In his introduction to Bible Culture and Authority in the Early United States, author Seth Perry of Princeton University writes of “a shared set of symbols, types, behaviors, and vocabulary” that derive from or were influenced by the King James Bible (2). The book discusses the interaction of this shared set with early American society, asserting that the Bible and biblical language were resources that individuals in the nineteenth century used to create legitimacy—that is, authority in their relationships with others. Scripturalization is the term Perry employs to describe how people, language, rhetoric, and other aspects of society obtained this authority by drawing from the stories and texts of the Bible.
That the Bible played a major role in the early history of the United States is well known. Margaret Hills documented over fourteen hundred editions of the Bible that were printed in the United States between 1776 and 1850, the vast majority of which were Protestant editions.1 Perry sees the proliferation of Bibles not only as a reflection of America’s unique culture but also, rightly, as a contributor to that culture.
Also of notable influence were the “parabiblical texts” that accompanied Bibles—the cross-references, concordances, commentaries, and other resources that surrounded Bible verses on the printed page or that were published in separate volumes meant to complement one’s Bible reading. “Because they carry interpretive meaning and instruct readers in that meaning, paratexts carry scholarly, ecclesiastical, social, or state authority into the text itself” (41). In the absence of clerical intermediaries, guides of this sort were an essential part of scripture reading for many Protestants. Because of these parabiblical texts, “scriptura was never, ever, sola”—that is, the scriptures were not, in fact, the sole source of authority for early nineteenth-century Americans (22, italics in original).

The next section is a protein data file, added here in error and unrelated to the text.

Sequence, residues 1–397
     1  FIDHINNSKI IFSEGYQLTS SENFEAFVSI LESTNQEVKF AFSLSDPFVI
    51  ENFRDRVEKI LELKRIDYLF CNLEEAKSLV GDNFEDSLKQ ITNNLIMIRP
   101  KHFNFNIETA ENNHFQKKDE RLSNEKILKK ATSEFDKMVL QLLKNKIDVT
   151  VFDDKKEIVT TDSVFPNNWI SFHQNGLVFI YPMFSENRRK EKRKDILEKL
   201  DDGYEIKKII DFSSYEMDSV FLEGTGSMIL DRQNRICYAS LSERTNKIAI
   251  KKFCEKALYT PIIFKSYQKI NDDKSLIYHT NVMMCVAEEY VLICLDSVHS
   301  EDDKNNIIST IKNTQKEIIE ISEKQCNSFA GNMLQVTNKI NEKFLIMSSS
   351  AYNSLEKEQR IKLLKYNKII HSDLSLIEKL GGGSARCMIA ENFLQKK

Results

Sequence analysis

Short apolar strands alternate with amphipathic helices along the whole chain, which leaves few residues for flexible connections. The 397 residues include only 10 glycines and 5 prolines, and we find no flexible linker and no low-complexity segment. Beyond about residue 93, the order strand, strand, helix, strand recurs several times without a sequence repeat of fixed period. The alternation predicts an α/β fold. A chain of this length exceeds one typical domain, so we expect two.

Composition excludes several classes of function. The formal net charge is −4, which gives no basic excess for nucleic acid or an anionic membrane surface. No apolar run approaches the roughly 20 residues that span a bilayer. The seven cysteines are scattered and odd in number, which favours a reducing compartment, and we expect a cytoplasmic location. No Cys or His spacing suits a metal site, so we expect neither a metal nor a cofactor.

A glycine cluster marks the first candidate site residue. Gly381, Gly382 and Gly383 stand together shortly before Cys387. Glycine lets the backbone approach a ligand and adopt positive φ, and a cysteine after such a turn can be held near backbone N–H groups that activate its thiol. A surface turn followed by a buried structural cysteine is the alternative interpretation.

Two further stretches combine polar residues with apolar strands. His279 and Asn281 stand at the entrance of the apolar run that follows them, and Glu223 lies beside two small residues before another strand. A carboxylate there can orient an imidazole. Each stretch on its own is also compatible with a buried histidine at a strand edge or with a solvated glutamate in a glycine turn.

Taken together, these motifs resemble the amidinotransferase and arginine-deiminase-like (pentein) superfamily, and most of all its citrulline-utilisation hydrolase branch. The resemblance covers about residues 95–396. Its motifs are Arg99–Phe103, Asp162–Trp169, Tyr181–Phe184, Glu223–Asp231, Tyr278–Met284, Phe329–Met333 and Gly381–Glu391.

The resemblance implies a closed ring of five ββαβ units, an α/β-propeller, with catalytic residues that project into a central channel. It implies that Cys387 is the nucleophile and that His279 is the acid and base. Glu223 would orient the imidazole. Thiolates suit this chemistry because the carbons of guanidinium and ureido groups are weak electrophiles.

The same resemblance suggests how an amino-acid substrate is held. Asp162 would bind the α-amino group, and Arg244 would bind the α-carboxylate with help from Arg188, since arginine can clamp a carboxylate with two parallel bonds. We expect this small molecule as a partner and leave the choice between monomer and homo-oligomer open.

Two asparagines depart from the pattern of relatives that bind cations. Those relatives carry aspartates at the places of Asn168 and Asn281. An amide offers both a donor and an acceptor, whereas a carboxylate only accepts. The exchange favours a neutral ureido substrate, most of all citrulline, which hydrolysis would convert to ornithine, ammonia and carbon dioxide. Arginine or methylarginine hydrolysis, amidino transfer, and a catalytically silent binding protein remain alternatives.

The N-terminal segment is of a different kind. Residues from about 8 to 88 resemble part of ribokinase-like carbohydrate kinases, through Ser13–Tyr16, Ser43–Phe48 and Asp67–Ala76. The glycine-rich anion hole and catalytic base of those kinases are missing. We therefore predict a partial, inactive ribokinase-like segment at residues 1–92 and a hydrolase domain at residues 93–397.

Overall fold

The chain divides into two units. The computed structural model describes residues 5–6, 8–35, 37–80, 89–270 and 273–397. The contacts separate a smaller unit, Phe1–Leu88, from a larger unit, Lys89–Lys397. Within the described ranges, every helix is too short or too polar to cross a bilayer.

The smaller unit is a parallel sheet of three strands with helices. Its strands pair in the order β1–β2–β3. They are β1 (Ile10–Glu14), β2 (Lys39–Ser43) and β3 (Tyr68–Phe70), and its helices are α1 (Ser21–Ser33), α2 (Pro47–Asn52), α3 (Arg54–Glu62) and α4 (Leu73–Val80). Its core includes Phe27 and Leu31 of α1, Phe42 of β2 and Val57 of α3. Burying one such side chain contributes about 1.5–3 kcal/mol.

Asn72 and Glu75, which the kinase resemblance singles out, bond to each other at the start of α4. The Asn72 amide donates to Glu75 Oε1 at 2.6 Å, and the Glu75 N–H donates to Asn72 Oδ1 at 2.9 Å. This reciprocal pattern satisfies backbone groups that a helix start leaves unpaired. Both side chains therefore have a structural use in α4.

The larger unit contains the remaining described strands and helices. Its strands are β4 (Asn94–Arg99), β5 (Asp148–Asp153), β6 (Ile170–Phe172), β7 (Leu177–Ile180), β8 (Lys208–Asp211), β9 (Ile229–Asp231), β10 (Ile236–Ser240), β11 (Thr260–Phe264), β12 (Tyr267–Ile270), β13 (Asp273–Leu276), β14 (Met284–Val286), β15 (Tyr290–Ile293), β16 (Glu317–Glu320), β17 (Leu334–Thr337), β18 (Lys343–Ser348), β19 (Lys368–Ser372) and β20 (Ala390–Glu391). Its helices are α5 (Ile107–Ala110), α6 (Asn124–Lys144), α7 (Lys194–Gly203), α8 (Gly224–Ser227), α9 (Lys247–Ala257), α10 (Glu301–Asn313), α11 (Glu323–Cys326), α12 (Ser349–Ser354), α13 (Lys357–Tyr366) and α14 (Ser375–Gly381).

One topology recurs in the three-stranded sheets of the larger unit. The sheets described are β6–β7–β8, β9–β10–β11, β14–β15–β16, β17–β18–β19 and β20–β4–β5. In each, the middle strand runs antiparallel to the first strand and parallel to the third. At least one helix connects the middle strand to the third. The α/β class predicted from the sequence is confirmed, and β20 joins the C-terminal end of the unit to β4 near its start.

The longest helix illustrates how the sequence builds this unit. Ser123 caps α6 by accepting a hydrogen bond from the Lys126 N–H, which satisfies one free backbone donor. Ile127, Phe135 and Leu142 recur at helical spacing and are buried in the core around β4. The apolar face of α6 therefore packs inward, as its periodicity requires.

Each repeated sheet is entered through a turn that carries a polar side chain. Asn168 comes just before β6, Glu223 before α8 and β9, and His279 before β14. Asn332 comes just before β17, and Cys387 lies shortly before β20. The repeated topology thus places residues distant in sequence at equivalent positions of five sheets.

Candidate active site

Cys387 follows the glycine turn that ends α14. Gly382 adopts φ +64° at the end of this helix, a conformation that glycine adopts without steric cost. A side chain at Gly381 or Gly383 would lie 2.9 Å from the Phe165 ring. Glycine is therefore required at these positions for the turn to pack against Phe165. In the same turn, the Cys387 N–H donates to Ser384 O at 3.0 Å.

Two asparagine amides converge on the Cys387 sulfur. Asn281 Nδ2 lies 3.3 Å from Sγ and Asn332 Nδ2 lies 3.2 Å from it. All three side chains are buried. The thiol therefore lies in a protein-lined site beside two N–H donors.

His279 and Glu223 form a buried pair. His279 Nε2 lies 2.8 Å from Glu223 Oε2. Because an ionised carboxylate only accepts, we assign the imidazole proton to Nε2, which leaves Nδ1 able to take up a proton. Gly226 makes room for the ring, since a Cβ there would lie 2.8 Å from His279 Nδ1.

Bible Culture and Authority highlights several individuals of the period to demonstrate the interplay between their religious careers and the language and content of printed Bibles. Some, like Lorenzo Dow and Ellen White, are well known, but Perry also introduces his readers to some who are less widely known, such as Adeline Hosner and Zilpha Elaw. In the case of Ellen White, Perry writes, “When seventeen-year-old Ellen Harmon [White] began slipping into trance states in 1844 she was joining a very old tradition of female visionaries, but she had access to an unprecedented print-bible culture that allowed her to parlay her visionary authority into something enduring: a fully articulated bible-based authority” (58). Perry might have written the same about the other individuals he discusses as well. Interacting with people who were part of a biblically infused culture, preachers and visionaries could speak in the language of scripture, placing themselves in the roles of biblical characters.
The book’s discussion culminates in the career of Joseph Smith, who not only presented himself in scriptural terms but also published volumes of new scripture. In most ways, the Latter-day Saint prophet fits well within Perry’s discussion of scripturalization: his followers were part of a Bible-based culture, and he produced scriptures and revelations that are often in the language of the King James translation. Joseph Smith’s life was scripturalization on a grand scale.